Might be less expensive to buy a quality reman starter. Denso and Bosch both produce a quality rebuild for that application.


Is your theory of starter replacment that you avoid replacing them? Not a bad idea, but even if I only have to replace the starter one more time, I want it to be easy.

I've had both Denso and Bosch starters. Perhaps something about the design of '90 Corolla is hard on starters. I had one rebuild starter where the inside of the magnetic switch got corroded within a year. I had another rebuild, which turned out to have a blob of soldier on one of the terminals of the magnetic switch that every now and then would jam the piston. ( In the '90, the starter and its wires are going to get splashed with water when the car goes through a big puddle. I don't know why there is no gasket on the cover of the magnetic switch on starters. I don' know why there isn't a provision to keep water out of the vent hole in the magnetic switch. -- and I don't know why Denso starters seem to pound one of the contacts in the magnetic switch down to be paper thinness while the other one stays as thick as new.)

David G Baker
08-25-2012, 2:48 PM
I don't remember the year of a Corolla that I had but it had serious issues with the starter as well as three different rebuilt and installed by Pep Boys. I ended up taking it to a local foreign car repair shop and they put in a Bosch starter and it worked for years. The problem mine had was that the starter was too close to the exhaust manifold and the internal voltage regulator was damaged by the manifold heat according to the foreign car repairman.

ray hampton
08-25-2012, 5:22 PM
were there a recall by the factory concerning this car/problem

Scott T Smith
08-25-2012, 11:08 PM
I've spliced them before with a short piece of copper tubing. Strip the ends, slip them into the copper tubing, crimp with pliers to hold it together temporarily, then solder the joint and put heat shrink over the whole area. I've even made terminals from copper tubing by crushing the end in a vise to flatten, drilling a hole, grinding the end to a nice shape and then soldering the cable in and soldering where the two halves meet each other on the flat part. Obviously its a good idea to clean the copper tubing thoroughly inside and out before starting.

+1. This method will work well. Be sure to use rosin core solder. Also, the cable that you use to splice in should be a fine wire cable, such as welding lead.

If you use heat shrink tubing, it's best to put on two or three layers so that you have a good thickness of insulation over the joint. Another option is to tape it first, and then heat shrink over the electrical tape.

Brian Elfert
08-25-2012, 11:11 PM
The connector you bought is probably for use with high voltage AC wire that is sometimes not the same diameter as automotive wire. Automotive wire in a large size like #4 usually has more strands than wire used for high voltage. I doubt the splice you bought would work well in a car. You really need a butt connector designed for automotive use. The problem is the tool to crimp them is expensive. Some auto parts stores will custom crimp cable, but I don't know if they would do it at your car.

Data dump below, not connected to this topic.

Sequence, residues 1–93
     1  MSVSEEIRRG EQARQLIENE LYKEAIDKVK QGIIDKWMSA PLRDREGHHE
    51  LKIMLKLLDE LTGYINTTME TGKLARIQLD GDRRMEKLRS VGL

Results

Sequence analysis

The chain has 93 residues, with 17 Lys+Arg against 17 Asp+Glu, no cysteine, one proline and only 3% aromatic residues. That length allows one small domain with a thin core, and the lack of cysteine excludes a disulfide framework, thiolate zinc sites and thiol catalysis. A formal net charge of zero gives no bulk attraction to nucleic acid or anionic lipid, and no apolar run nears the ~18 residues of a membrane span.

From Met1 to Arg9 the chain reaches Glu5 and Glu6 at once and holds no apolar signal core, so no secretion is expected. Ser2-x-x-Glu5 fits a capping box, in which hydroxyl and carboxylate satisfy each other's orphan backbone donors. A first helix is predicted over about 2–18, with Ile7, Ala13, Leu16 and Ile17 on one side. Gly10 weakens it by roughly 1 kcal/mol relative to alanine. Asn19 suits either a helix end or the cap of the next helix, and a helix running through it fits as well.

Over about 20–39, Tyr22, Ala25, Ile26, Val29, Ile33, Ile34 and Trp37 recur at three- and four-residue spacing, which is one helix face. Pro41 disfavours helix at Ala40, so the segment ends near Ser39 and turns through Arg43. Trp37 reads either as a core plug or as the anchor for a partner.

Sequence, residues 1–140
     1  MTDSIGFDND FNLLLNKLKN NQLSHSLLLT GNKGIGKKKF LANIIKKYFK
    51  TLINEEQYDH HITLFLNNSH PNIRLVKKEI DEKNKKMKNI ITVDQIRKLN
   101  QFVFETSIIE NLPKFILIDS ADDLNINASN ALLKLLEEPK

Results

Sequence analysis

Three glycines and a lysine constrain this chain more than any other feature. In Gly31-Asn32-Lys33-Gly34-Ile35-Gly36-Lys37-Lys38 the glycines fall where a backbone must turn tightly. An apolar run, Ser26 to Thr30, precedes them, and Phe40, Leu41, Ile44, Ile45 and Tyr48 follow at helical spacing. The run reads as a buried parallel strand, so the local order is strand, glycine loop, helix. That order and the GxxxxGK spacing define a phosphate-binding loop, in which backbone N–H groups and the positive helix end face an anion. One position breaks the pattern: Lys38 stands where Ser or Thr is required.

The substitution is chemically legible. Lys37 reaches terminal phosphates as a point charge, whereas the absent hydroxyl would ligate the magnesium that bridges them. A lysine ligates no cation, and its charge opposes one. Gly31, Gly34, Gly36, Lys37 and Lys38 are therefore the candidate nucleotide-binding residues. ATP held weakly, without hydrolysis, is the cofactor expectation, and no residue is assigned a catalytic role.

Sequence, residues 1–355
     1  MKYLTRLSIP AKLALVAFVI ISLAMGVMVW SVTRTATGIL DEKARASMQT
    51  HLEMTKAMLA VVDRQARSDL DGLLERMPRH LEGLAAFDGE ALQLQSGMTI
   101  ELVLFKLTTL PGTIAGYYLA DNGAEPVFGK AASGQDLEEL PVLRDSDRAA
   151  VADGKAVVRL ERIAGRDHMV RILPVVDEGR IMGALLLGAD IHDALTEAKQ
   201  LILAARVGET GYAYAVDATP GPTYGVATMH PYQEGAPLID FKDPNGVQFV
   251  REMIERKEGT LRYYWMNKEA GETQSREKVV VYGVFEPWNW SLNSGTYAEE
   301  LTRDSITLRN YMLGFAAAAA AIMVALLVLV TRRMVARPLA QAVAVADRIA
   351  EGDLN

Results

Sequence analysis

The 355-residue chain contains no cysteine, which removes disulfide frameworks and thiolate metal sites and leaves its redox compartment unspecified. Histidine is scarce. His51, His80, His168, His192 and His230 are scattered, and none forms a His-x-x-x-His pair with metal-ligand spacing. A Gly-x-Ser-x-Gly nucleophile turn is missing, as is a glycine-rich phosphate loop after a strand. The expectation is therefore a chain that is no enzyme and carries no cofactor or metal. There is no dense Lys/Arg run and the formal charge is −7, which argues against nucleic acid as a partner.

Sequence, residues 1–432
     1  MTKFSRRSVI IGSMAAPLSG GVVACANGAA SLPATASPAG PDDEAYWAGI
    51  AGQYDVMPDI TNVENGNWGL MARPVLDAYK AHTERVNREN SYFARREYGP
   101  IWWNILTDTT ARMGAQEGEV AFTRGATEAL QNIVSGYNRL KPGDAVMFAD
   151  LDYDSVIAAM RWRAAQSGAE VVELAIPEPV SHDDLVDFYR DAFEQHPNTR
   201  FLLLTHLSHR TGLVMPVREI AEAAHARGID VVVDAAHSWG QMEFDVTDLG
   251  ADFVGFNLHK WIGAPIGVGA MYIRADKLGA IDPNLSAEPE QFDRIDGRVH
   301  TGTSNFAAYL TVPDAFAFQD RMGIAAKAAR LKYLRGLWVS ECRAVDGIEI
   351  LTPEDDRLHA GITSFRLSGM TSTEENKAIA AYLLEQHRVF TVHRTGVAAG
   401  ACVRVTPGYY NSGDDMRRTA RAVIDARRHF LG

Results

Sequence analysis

Stephen Tashiro
08-26-2012, 2:43 PM
Another option is to tape it first, and then heat shrink over the electrical tape.

I like that idea and I like the idea of using copper tubing because I understand how to crimp it. I look at the tough metal splice that I got at the electrical supply place and wonder what kind of tool they use for crimping it. I think it requires a crimper with compound leverage!

Chuck Wintle
08-26-2012, 3:33 PM
I like that idea and I like the idea of using copper tubing because I understand how to crimp it. I look at the tough metal splice that I got at the electrical supply place and wonder what kind of tool they use for crimping it. I think it requires a crimper with compound leverage!
yes a heavy duty crimper is needed to do what you want. also the idea of wrapping with tape and then with heat shrink is a good idea...just make the heat shrink long to cover the wire and use several layers of it.

Stephen Tashiro
08-26-2012, 4:59 PM
yes a heavy duty crimper is needed to do what you want

I went to Lowes Hardware this morning. An employee showed me a heavy duty crimper they have for in-store use. It looks like a bolt cutter. Istead of cutting jaws, it has jaws with various sized circular profiles. The tool was made by Black Hawk and not sold in the store. He offered to crimp the connector for me if I brought it in, but I'm going to go the copper pipe route.